Cast: Matthew McConaughey, Matthew Fox, Kate Mara, Anthony Mackie, David Strathairn, Ian McShane, January Jones, Kimberly Williams-Paisley, Arlen Escarpeta, Brian Geraghty,
Genre: Drama, Sport
Age Rating: PG/G
Running Time: 131 Minutes
On Monday I finally had the opportunity to sit back and appreciate another emotional true sports story.
Directed by ONE TREE HILL’s McG, WE ARE MARSHALL tells the tragic yet uplifting tale of the Virginia based Marshall University American football team who lost their lives in a freak plane crash in 1970 and the team of coaches and players who helped bring a community back together and overcome the heart-breaking accident of unimaginable proportions to once again field a team and compete in the country’s national university leagues.
Brilliantly narrated by Kate Mara from start to finish, playing the girlfriend of one of the young men who lost their lives on board Southern Airways Flight 932, the story is told in an eerie yet motivational way, where negative and upset characters are inspired once again by motivational and passionate ones like Matthew McConaughey’s Coach Jack Lengyel, and Anthony Mackie’s defensive back and co-captain Nate Ruffin.
Although the concept of this film essentially does not have any leads, as it is a story about an outstanding community, as a film there needs to be a lead actor and Matthew McConaughey once again puts in a stellar performance. He is the life and soul of this story and his character’s bizarre approach to coaching and people in general helps bring smiles to the viewers face. Equally, Matthew Fox’s performance alone is something to smile about. 2006 would have been when Fox was at the peak of his LOST career and it shows with his incredibly moving performance as the team’s assistant coach who was fortunate enough to not be on the plane that crashed, but faces a tough personal battle throughout to actually step out on that field and coach again for a team he has lost.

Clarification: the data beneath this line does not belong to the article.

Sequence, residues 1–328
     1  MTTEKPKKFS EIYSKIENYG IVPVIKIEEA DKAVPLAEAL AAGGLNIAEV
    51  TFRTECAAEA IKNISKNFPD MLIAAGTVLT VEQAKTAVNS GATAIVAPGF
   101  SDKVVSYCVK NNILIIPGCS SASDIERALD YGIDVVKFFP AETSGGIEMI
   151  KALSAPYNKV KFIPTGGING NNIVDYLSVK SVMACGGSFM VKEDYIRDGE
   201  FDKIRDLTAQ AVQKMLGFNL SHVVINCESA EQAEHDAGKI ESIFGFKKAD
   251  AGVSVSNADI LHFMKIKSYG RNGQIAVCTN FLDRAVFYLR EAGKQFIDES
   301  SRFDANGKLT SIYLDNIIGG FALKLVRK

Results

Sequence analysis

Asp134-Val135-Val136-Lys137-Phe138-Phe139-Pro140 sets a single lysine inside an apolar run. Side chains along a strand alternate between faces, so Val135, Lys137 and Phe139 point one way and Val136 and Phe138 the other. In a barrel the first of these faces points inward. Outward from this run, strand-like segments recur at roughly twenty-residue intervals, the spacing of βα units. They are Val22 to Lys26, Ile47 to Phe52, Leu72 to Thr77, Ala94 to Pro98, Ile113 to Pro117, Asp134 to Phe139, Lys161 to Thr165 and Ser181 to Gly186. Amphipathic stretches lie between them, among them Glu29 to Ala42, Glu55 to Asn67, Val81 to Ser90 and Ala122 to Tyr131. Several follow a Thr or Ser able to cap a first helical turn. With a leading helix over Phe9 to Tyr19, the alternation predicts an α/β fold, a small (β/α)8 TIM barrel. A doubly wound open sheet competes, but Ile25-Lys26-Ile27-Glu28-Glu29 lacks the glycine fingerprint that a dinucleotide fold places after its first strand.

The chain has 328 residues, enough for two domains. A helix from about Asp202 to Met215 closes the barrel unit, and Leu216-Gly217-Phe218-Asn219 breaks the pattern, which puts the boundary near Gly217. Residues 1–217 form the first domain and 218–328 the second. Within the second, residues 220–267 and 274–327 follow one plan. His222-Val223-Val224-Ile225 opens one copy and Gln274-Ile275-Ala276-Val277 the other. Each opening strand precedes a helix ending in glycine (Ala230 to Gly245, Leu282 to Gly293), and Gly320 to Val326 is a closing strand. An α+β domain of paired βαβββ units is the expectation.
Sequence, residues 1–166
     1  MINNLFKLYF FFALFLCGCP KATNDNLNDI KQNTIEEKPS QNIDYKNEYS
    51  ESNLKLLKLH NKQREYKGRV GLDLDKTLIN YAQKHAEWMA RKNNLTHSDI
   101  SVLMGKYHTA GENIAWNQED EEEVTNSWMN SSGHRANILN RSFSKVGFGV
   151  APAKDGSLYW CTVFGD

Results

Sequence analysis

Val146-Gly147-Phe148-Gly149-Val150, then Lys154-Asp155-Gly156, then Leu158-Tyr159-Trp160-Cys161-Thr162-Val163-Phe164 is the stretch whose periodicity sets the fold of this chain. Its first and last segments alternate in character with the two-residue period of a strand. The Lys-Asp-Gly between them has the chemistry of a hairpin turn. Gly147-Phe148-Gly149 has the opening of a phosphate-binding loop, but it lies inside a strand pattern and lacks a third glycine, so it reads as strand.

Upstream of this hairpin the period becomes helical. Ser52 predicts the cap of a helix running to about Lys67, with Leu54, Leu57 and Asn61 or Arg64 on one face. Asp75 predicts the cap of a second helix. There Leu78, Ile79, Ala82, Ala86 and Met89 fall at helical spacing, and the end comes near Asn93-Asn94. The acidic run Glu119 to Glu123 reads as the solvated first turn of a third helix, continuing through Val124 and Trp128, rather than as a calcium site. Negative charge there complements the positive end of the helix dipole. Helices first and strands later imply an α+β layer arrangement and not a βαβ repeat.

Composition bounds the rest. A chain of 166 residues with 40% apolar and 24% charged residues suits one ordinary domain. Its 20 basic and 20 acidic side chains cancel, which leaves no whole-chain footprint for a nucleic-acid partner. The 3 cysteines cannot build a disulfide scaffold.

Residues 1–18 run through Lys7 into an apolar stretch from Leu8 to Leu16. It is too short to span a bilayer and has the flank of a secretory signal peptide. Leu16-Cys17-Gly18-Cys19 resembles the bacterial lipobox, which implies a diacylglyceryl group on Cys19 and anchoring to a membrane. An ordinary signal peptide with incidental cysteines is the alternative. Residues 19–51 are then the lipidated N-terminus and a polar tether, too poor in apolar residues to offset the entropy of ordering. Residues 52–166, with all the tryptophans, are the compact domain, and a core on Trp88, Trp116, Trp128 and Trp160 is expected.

This film is not only wonderfully shot, capturing the essence of 1970s American suburbia, but it truly portrays the mixture of emotions that would have existed in this community following the plane crash, and the personal anguish that many close family members and friends experienced and perhaps still do today.
Unlike any other great sports true story, WE ARE MARSHALL surprisingly shows to its viewers that winning is not always everything in football and how sometimes taking part can be far more important than a record sheet could ever be. It is this which made the film such a refreshing tale instead of an over-Americanised tale of glory (which I am guilty of loving by the way…). In terms of American football films based on true stories or derived from true events, personally, it is not as great as REMEMBER THE TITANS, but it is on par with THE EXPRESS and still a great film to watch. I am however yet to watch INVINCIBLE with Mark Wahlberg so I am yet to make a full comparison.
“From the ashes we rose.”
Recommendation: WE ARE MARSHALL is worth your time and worth your money. A DVD purchase is recommended at least, but obviously if it pops up on Netflix or Amazon it is definitely worth a watch as soon as you can.